Spring Breakers help pack Disney World, Orlando hotels

Orlando’s hotels haven’t been this busy since the pandemic first began — a sign the world’s theme park capital is getting back to normal. The record-breaking metro Orlando hotel occupancy hit 90.5% during March 13-19 which beat the previous record of 85.9% set in late February, according to Visit Orlando.

“Our destination has hit a major milestone in our ongoing recovery, thanks to Spring Break visitors,” said Visit Orlando’s President and CEO Casandra Matej.

If you have been to Disney World lately, the news won’t come as a surprise. Midwesterners escaping the still chilly Spring temperatures and others are flocking to Orlando to visit the theme parks and stay at hotels.

Visit Orlando said Orlando’s occupancy was the second-highest among the Top 25 U.S. markets, falling just behind Tampa.

Higher hotel occupancy means more money generated by the county’s hotel tax, too.

For February, the 6% tax generated $28.36 million — a significant jump, said Orange County Comptroller Phil Diamond.

“Month-over-month, February collections were higher than January collections by $5.9 million and were higher than February 2020 collections by $255,800,” Diamond’s office said in a press release issued Wednesday. “These were the highest February collections ever and the third-highest monthly collections ever.”

The tourists are expected to keep coming, Visit Orlando said.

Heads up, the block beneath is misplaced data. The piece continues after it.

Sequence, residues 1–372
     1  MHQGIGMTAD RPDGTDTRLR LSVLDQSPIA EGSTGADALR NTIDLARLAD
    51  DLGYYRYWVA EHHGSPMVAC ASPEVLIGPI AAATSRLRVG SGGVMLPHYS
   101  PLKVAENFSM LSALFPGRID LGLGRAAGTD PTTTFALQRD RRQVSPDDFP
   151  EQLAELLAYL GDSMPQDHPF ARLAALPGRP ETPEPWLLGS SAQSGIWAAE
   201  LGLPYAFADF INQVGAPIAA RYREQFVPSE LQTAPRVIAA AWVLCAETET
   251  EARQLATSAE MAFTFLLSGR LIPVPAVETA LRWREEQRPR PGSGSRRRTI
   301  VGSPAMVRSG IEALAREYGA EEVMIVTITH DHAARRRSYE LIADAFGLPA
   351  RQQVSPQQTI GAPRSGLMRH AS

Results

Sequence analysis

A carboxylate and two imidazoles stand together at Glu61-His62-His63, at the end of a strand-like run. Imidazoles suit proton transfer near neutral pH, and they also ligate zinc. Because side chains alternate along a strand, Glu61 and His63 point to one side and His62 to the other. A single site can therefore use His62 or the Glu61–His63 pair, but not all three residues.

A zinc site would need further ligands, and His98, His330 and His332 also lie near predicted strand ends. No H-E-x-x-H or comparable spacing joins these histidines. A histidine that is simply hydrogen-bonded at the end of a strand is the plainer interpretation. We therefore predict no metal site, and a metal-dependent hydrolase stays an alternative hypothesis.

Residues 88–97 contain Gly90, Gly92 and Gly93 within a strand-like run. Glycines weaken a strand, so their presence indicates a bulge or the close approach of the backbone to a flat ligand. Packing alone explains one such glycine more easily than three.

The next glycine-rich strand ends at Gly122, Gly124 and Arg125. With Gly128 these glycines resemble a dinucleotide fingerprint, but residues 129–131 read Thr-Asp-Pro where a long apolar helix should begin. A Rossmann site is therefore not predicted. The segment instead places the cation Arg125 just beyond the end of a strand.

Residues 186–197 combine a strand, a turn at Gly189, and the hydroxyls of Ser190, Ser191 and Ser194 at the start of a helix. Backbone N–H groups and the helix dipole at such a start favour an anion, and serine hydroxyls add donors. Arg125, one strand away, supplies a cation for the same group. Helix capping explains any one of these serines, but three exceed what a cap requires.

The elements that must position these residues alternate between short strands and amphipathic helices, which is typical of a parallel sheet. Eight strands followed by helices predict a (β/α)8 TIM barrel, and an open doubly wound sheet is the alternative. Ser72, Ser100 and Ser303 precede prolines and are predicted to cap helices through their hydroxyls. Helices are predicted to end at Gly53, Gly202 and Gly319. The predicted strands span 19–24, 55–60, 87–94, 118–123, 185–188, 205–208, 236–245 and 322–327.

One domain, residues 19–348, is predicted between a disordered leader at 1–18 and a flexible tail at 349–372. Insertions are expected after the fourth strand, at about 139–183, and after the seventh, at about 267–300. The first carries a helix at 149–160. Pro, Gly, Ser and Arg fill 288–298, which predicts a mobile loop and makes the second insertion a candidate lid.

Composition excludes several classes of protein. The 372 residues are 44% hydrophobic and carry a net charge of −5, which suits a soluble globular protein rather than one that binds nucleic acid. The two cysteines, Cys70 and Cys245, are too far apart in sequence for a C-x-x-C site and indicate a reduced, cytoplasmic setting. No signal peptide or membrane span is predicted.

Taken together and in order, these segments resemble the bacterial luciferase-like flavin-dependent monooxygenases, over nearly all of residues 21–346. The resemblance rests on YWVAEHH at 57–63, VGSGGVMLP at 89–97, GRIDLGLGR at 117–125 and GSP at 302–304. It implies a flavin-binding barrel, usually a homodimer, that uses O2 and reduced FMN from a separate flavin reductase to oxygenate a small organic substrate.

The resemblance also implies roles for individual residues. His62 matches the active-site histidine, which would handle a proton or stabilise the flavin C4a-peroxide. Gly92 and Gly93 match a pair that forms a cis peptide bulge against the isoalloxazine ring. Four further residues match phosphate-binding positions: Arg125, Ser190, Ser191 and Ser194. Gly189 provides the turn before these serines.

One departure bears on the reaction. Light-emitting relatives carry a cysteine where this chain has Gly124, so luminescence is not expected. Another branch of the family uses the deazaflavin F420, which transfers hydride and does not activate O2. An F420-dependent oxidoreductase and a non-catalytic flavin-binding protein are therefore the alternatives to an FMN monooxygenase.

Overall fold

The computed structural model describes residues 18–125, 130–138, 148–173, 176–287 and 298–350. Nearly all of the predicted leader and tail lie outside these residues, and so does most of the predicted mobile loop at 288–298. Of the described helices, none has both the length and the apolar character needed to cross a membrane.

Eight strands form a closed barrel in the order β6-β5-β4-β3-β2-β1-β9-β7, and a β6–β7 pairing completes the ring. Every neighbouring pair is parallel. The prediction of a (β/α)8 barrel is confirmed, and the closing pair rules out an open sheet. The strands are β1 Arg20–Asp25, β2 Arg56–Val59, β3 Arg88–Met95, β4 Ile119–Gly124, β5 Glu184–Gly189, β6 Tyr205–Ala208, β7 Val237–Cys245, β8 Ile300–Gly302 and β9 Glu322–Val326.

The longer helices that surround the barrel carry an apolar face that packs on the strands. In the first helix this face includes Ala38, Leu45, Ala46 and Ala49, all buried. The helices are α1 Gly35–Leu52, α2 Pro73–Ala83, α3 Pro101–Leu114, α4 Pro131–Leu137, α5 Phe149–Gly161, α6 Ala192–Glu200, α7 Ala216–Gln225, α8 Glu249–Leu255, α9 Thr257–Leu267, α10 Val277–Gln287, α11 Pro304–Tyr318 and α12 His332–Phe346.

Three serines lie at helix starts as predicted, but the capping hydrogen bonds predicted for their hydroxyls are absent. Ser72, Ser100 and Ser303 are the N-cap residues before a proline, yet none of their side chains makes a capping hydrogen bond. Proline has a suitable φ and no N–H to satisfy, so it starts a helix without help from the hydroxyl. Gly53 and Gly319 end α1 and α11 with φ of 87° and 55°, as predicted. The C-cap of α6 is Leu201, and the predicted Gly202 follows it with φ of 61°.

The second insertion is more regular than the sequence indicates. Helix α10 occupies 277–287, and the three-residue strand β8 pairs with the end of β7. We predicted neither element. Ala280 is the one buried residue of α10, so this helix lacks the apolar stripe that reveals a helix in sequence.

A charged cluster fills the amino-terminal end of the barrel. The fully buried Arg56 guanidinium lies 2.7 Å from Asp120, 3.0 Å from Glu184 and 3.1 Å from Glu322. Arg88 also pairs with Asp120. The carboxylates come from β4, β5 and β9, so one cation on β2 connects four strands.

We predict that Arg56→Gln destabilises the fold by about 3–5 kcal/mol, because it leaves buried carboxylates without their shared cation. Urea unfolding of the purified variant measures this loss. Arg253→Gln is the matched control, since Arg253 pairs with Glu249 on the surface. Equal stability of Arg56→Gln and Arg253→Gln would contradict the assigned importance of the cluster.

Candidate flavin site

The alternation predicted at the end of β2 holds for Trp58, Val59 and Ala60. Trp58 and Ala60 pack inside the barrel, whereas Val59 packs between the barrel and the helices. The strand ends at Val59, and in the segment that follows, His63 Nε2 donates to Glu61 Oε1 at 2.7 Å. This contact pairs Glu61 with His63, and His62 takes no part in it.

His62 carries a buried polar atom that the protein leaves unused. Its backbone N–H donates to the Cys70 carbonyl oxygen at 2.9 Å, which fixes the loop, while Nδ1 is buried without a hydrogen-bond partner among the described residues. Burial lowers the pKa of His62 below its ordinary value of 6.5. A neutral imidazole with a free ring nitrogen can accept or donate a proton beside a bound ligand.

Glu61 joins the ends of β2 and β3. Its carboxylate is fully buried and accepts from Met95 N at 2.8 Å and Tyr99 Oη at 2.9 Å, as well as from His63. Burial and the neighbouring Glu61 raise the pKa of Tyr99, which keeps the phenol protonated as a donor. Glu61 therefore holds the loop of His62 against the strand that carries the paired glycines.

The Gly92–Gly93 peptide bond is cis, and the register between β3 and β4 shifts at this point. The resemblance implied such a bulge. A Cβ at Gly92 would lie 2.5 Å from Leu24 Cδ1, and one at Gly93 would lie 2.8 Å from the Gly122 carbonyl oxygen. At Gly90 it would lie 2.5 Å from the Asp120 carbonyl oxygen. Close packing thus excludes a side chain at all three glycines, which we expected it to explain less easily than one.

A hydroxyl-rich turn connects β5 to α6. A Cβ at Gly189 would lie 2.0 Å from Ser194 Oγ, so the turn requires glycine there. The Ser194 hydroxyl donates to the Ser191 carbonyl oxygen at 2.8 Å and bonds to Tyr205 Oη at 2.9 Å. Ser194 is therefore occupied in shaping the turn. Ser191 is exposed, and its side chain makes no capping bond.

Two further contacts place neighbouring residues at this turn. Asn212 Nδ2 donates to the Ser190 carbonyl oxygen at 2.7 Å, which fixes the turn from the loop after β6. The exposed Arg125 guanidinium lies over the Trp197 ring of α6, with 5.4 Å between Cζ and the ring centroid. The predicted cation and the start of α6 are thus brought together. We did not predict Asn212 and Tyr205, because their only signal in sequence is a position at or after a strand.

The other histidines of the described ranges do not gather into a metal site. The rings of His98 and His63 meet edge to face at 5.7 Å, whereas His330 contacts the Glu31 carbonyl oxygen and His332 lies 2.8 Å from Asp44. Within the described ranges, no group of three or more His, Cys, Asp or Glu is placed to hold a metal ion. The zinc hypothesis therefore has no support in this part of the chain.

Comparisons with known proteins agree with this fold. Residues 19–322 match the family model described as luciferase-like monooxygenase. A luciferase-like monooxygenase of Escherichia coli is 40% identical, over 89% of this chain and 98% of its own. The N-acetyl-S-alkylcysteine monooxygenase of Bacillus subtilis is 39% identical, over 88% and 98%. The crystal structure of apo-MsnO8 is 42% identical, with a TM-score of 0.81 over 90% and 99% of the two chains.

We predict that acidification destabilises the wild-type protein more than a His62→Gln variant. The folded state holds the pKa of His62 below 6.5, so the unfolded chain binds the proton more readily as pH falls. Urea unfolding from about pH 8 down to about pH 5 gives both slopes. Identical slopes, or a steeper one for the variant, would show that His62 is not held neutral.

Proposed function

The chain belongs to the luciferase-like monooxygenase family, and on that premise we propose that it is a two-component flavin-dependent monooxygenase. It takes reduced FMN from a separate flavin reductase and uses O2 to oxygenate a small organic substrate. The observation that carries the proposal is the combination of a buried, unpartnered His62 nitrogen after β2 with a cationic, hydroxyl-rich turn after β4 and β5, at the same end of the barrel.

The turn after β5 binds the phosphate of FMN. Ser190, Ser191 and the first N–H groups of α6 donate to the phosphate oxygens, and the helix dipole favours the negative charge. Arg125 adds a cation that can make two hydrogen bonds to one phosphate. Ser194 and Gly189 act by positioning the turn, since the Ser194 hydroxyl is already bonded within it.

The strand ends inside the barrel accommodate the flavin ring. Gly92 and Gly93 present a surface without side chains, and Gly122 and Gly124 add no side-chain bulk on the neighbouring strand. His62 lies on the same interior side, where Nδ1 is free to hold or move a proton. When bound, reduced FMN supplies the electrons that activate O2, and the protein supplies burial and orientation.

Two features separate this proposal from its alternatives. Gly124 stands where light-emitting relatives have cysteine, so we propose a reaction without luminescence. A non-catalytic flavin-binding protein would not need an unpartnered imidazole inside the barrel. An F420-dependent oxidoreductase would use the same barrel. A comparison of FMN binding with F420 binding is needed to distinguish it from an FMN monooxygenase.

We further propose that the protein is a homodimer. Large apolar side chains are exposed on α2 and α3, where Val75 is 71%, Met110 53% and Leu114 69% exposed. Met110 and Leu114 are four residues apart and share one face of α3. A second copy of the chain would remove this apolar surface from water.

April’s hotel occupancy is on pace to reach about 94% of the pre-pandemic 2019 levels which Visit Orlando called “moving in the right direction.”

More big events also are on the calendar over the next few months which will likely help attract crowds.

The U.S. Travel Association’s IPW is billed as the “Super Bowl of the Travel Industry” and is expected to bring in more than 4,500 attendees from 62 different countries when the travel trade show is hosted at the Orange County Convention Center in early June, Visit Orlando said. Those attendees will bring mass numbers of people staying in hotel rooms, eating at restaurants and looking for entertainment during their downtime in Central Florida.

It’s the first time the event is coming back to Orlando since 2015.

“The 2022 timing allows for Orlando to take center stage as the world returns to travel,” according to Visit Orlando, adding “Past IPW events have generated upward of $500 million in economic impact to the host city.”

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